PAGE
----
Dragon Age 2, for all its apparent attempts at making decisions difficult, has a helpful, handy dialogue tree system that encourages you not to think at all about the consequences of your actions. Do you pick the “haha funny guy” emoji response, do you pick the “serious badass” response, or do you pick “heart of gold, which means naive because no one knows how to write someone with a heart of gold who is also extremely savvy” response.
I tried to generally pick the heart of gold option, but sometimes I picked the Buffyverse Smarmy Gen X Idea Of Humor option instead. Anways, Merrill fucking sucks, and not just because she shares a name with my local weatherman growing up. I actually maxed out her hate meter for me because she wanted to do the stupidest fucking thing ever.
Remember how I said the core conflict is the mage/templar conflict, with mages on the side of “I should be allowed to become a genocidal murderer, actually,” and templars on the side of “hmm, what about people without power? i’m going to do a little murder to make this choice optional, but like, ostensibly I’m here to protect people”? Well, Merrill is a mage, and she really wants to use blood magic.
So, having gone through things like “my mother was murdered to become frankenstein’s bride,” and like “randomly i will be attacked by blood magic users on the streets,” I was not about to help her do blood magic. She wanted to fix a mirror with a magic knife because, idk, it saves some elves or something? I don’t really remember, I just remember that knives can’t generally fix glass because that’s not what a knife is for. So I told her “fuck you, absolutely not, we are not doing blood magic,” and she went “but I wanna,” and I put it in my treasure chest back at home, and then a little while later, with her hate meter maxed, she goes “fuck you, I fixed the mirror without the knife, the thing that I told you was the only thing in the world that could fix it,” (I literally checked, it was still in my treasure chest) and I was like “how?” and she shrugged.
And somehow I accidentally selected the option I thought would maybe calm things down, but no, no, what it did was cause us to bang and her to move in with me and become my video game wife.
And that’s… a whole lot of Dragon Age 2. I suspect a part of this whole “fuck player choice” thing was down to the limited runtime (every choice you make and every consequence you add is literally an order of magnitude more complexity to include in your game), but at the same time, Mass Effect 2, I’m pretty sure, has a whole conversation where you say “I am not going to join the space nazis,” and then the space nazi says “yes you will,” and you go “alright fine” and it would’ve just been better not to plant the seed in your mind that you could actually refuse and take that from you.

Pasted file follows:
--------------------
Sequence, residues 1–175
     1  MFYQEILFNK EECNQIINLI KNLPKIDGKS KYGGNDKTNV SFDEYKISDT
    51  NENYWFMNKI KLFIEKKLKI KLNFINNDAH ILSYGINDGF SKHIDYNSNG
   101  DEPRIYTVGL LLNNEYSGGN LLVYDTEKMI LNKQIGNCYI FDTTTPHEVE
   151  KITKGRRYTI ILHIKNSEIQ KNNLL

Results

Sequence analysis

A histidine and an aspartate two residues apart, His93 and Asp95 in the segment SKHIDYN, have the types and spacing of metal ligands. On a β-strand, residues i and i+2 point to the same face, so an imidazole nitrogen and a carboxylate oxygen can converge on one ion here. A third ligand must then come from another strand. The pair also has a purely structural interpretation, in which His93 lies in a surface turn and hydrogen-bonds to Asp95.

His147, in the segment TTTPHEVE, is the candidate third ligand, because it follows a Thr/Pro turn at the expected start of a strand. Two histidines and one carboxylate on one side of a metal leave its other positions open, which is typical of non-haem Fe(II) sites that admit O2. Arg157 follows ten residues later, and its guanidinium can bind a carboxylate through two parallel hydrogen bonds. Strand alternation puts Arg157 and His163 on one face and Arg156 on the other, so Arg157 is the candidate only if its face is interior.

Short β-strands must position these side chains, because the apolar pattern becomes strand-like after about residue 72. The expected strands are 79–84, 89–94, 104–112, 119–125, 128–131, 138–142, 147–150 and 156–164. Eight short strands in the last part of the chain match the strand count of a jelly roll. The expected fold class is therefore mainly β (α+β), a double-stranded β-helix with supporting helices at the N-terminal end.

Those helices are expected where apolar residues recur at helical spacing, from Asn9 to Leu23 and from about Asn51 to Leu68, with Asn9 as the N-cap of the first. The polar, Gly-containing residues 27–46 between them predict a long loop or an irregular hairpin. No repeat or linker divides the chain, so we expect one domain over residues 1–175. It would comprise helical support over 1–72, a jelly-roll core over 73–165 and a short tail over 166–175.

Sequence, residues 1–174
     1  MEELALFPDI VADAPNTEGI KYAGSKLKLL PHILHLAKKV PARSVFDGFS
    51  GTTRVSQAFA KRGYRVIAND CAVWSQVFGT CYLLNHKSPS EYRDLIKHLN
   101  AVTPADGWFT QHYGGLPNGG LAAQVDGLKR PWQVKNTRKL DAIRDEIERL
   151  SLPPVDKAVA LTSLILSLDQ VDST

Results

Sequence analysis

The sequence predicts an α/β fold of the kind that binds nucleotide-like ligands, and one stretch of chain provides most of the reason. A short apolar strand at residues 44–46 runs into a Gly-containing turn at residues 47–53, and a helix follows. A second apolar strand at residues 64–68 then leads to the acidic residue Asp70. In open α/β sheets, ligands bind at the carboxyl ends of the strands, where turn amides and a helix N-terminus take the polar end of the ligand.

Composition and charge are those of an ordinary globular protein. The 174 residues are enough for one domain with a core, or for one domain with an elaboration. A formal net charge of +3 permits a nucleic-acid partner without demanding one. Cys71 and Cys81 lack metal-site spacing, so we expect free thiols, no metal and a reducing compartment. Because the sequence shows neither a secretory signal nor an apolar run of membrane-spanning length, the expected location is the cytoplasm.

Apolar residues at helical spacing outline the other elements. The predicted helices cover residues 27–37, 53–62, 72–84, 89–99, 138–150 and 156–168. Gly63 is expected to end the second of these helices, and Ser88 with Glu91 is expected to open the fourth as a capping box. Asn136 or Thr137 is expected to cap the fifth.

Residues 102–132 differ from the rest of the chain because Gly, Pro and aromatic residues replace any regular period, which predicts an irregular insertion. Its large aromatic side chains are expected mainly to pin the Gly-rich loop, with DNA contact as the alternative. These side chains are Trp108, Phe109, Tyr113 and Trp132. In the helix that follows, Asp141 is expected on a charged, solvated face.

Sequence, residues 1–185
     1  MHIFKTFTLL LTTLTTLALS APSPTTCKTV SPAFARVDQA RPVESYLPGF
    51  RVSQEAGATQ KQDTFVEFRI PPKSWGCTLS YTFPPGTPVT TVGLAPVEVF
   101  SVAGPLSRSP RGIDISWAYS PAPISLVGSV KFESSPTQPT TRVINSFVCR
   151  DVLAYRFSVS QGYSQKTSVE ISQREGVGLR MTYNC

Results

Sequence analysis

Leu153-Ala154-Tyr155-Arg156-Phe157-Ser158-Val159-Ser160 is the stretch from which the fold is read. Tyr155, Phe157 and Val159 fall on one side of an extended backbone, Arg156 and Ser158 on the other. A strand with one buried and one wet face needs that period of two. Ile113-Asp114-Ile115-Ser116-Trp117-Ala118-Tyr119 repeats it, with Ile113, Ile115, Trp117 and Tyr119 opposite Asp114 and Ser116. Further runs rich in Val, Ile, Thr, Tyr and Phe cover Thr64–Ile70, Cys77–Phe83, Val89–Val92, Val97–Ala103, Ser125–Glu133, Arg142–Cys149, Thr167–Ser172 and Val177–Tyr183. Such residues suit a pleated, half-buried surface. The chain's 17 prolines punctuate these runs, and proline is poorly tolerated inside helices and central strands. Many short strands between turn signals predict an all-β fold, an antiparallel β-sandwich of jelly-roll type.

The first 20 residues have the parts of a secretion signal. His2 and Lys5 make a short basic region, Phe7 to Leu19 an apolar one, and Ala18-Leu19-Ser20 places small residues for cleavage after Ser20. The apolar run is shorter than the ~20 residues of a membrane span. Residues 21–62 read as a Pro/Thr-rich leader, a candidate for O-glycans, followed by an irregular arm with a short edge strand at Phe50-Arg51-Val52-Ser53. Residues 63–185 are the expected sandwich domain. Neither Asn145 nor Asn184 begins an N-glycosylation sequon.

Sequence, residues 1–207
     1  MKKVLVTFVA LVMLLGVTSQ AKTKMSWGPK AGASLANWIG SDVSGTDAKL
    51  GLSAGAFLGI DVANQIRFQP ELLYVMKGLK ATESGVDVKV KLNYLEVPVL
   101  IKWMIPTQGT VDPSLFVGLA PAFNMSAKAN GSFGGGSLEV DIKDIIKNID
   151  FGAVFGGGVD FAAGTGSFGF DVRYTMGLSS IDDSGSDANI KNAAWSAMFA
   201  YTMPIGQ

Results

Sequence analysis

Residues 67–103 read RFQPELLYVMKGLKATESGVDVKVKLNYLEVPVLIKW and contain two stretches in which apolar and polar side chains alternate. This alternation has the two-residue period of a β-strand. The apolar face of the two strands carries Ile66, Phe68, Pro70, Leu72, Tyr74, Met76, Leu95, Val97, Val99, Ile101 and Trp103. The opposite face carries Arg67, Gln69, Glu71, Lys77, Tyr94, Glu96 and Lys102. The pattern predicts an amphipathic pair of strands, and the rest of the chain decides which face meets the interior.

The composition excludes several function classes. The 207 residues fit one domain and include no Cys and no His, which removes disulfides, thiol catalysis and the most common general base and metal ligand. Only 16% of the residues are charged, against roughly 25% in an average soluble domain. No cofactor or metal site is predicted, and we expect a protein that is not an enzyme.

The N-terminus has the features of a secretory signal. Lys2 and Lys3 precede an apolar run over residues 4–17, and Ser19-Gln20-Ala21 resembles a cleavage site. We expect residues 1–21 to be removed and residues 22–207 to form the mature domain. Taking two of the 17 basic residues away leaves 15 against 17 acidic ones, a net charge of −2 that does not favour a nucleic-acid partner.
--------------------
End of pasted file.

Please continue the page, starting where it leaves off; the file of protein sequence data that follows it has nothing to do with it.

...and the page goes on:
Look, I’m a guy who actually loves the idea that player choice is not the be-all, end-all. I think it’s important to realize we live in a world where we are each just one person out of many, and that everyone around us can make their own choices. I love the idea that sometimes we can’t make choices. In my games, I’ve presented people with false choices, I’ve presented people with non-choices; I get this. I’ve had people mad at me that my game Adios has only one ending even though the game is about accepting that you can’t control others (the farmer’s arguably biggest sin is that he was trying to make his son strong so he wouldn’t end up like the farmer did, alone in Vietnam, doing the kind of killing that gets you a medal; it was an act of love born out of trauma that involved ignoring who his son was, and there is no fixing that). I firmly believe you shouldn’t respect player choices as much as players think because of marketing that acts as if “respecting player choice” is the most important thing in games.
But what Bioware does is go “yeah, I’m going to taunt you with choices that don’t matter,” and it’s not just in Dragon Age 2, so I don’t think it’s just a case of limited development time. If each one of these was the result of a cut and not merely disrespect for the audience, then when going to cut something, you should start at the root, rather than leave the choice in and then slam a buzzer and go NOPE, fuck YOU, player.
If you wrote all this dialogue about Merrill getting this magic mirror fixed and didn’t have time to implement equally large questlines about what happens when she either does or doesn’t, then don’t force the player into a scenario where it’s fixed no matter what. If you give me the option to take away the only object that can fix the mirror, then a shitty handwave of a character going “well, I fixed it somehow” just… makes the game worse. A better option would have been to just… never bring it up again. Like, if she goes “giving me the knife progresses this quest,” and it’s something as fucking stupid as let me do blood magic, the thing that always ends poorly, and it’s an obvious choice to say no, so you pick it, and it makes her hate you, then… just let the quest end there, if you can’t actually build out something where she reacts to you taking away the one thing that can fix the mirror. Actually coming up with a bullshit reason for her to go “ehnh, I figured it out” just makes it worse. Do less work if you’re on a time constraint, not more that makes it shitty.
But that’s Dragon Age 2 for you.
Which brings me to the whole, like, “your healer murders innocent people” thing.
Portrait Of My Dead Brother